For all of us, 2014 had been a normal summer here in Gaza with power cuts for eight hours at a time, sometimes more, and weather so unbearably hot from the sky-high humidity, you could feel the beads of sweat pooling on your skin. We— my two children, husband and I— found ourselves forced to think of new ways to cool the temperatures down. Given the fact that I was pregnant with our third child at time, this was no easy feat.
The night of June 7th, 2014 was no different, an ordinary summer’s eve. Next to the bathroom door I stood, listening to my husband as he gracefully shaved his face while talking about all the simple details of his day. All I could think about was the upcoming surprise birthday party I wanted to throw for him. As I was staring at the yellowish wall of the bathroom, silently imagining what the decorations might be like if they were a hue similar to the walls, a thundering explosion was heard. As a citizen of Gaza City, such sounds are incessantly frequent to the point that they’ve become a part of daily life. The explosion didn’t drag me out of the chaotic mess of my internal thoughts, but my husband’s voice did… “Heba, Heba, there’s something wrong, it’s not an ordinary sound,” his voice snapping me out of my folly daydreams. He then uttered, “let me check the news hopefully its nothing bad.” Those words took me back five years, back to the horrific days we once lived. “No, it can’t something bad, maybe just another sound like those we hear now and then,” I said. But it wasn’t, it was an alarm for the start of a new and incredibly long, nerve-wracking journey.
For 51 days straight my world was flooded with darkness, fear, blood, explosions, and a constant hovering sound. For 51 days straight, I would recall these moments as I wrote letters to friends and family outside of Gaza about what had happened and how I felt. My one, true desire to write stemmed from my eternal belief that words have a stronger impact than all other forms of communication.
As I was lying on my bed one night after the electricity was routinely cut off, all of a sudden the quite, dark night turned bright as day. The dark sky ripened to yellow and I thought for a second that it must be a nightmare. Getting up quickly, I ran to my children to keep them away from the windows. They had taken this yellow glow to be firecrackers, but in fact they were burning lamps; the kind that are first thrown into the sky to reveal a target and then fall to the ground, incinerating everything in their surroundings. I forced my children to sleep, and perhaps myself to calm down too, by singing lullabies to drown away the bad dream that had become our reality. I couldn’t bring myself to move, so I lay awake next to them, watching their eyes flutter through dreamland till dawn struck the next day.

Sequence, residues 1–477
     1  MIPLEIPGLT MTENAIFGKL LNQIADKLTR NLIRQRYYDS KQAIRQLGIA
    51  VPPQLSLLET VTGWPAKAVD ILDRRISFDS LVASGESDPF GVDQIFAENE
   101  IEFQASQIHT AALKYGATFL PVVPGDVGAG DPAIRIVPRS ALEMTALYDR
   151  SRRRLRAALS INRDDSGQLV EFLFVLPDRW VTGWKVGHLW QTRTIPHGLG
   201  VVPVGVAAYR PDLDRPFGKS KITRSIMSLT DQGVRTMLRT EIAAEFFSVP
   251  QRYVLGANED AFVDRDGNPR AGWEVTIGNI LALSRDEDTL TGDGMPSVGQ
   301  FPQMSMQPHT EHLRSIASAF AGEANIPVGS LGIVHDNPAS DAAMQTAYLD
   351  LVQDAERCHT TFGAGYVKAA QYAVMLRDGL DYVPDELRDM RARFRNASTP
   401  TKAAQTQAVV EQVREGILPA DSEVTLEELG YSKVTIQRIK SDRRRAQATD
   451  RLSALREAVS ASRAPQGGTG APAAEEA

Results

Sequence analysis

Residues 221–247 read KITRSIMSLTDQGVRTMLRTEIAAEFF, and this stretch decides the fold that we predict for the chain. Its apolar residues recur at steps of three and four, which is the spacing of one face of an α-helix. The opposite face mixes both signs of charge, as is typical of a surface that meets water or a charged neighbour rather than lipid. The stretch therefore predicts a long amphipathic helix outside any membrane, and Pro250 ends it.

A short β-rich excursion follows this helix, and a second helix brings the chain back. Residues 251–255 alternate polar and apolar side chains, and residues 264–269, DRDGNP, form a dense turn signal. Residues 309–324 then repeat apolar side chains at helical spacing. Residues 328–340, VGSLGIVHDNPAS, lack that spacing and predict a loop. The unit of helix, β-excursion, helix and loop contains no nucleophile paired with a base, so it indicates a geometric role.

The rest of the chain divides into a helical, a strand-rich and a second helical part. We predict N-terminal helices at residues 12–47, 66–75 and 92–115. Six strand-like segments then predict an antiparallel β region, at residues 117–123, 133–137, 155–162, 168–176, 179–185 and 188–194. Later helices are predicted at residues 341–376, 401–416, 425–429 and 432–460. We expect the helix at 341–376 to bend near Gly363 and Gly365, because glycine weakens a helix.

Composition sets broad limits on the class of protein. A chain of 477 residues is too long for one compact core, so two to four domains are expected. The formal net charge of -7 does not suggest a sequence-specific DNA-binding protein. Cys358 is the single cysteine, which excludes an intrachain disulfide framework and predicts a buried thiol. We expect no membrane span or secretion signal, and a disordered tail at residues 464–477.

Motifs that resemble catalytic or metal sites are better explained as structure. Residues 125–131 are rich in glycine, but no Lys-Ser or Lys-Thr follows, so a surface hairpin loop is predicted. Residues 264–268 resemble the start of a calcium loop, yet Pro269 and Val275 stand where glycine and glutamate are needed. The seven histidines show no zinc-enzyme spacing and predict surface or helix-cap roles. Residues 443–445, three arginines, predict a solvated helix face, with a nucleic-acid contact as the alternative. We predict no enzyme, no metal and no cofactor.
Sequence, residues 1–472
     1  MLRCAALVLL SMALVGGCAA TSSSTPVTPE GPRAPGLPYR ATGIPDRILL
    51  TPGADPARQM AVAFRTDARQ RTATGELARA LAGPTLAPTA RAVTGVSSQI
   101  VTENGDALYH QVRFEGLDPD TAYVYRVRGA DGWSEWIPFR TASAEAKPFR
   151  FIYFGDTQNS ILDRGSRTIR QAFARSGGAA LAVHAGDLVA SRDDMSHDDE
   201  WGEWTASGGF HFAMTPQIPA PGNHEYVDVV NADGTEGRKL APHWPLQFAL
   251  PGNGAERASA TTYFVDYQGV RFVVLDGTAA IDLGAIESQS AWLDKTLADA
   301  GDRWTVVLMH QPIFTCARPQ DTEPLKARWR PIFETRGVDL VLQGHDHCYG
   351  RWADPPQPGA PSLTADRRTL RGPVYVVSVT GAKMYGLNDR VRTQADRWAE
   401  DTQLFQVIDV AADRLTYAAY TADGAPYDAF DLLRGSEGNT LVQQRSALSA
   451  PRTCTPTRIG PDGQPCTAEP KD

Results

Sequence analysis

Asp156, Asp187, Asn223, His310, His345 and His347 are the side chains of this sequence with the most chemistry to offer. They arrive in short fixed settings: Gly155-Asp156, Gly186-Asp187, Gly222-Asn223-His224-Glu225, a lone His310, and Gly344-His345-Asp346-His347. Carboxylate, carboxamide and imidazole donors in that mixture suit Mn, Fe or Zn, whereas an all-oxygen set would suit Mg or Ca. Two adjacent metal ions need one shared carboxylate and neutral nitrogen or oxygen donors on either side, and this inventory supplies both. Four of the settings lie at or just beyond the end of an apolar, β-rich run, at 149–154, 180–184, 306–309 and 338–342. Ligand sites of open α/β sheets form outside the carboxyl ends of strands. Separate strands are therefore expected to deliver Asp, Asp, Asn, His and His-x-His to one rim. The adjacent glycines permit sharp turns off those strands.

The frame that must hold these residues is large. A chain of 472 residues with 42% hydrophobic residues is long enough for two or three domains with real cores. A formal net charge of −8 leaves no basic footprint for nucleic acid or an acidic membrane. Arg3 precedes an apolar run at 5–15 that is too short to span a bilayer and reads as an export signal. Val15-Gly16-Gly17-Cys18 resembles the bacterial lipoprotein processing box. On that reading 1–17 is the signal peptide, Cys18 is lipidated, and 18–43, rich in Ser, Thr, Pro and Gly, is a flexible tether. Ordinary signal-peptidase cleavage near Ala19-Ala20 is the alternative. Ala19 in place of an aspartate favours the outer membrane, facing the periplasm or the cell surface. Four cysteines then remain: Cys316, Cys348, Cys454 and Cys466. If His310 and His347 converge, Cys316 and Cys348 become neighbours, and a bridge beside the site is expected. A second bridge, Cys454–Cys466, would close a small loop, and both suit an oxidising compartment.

Yet, it wasn’t until I heard about the mass amount of victims from the Shujaia neighborhood that I felt my world start to collapse in. Some I knew, while others were around the same age as my oldest son. It broke me, and upon seeing the destruction with my own eyes, I knew my heart just couldn’t bear it anymore. I wanted to do something, I knew I had to do something.
So the next thing I knew, I was contacting a friend and, together, we decided to write about what was really going on here in the Strip. I began reaching out to some of the activists whom I had volunteered with just a year before; and per their help, I was put in touch with numerous journalists who were willing to help me share my stories as well as spread the facts about the real situation here in Gaza without the far-fetched, exaggerations running rampant in the media. One in particular even made a blog from all the letters I had written during those 51 days. Finally, my voice was being heard.
I continued to write during this time, though by the time my pen touched the paper, my hands were shaking and I was barely able to speak.
As I go back through those days, I’ve come to realize that my mind does not hold any clear chart of my pregnancy. I had written down daily notes during my previous two, but I didn’t manage to do that with my third. I have no recollection of what it was like or what it felt to be pregnant during those 51 days. I have no caring memory of when exactly was the first time I felt my baby move. I cannot tell you how much weight I gained, nor whether or not I took my vitamins on time. All of that tiredness that a pregnant woman endures is absent from my mind. I was preoccupied with the current events of Summer 2014, to say the least.
Though, at the end of the day, each of my three children are happy and healthy. And, above all, they don’t recall anything from those horrible days. It’s true, I have survived another war for the third time, but I have also lost faith in humanity. I have lost my ability to be optimistic about the bright future that awaits for us, and I have become insecure about almost everything.
No one deserves to live in such horror or pain, no one should feel the anguish that comes from loss. Everyone deserves to love, to be loved, and to live in peace without constant war or hate. I don’t wish to relive this horrific experience, nor do I wish for anyone in the world to live it.
written On March, 2017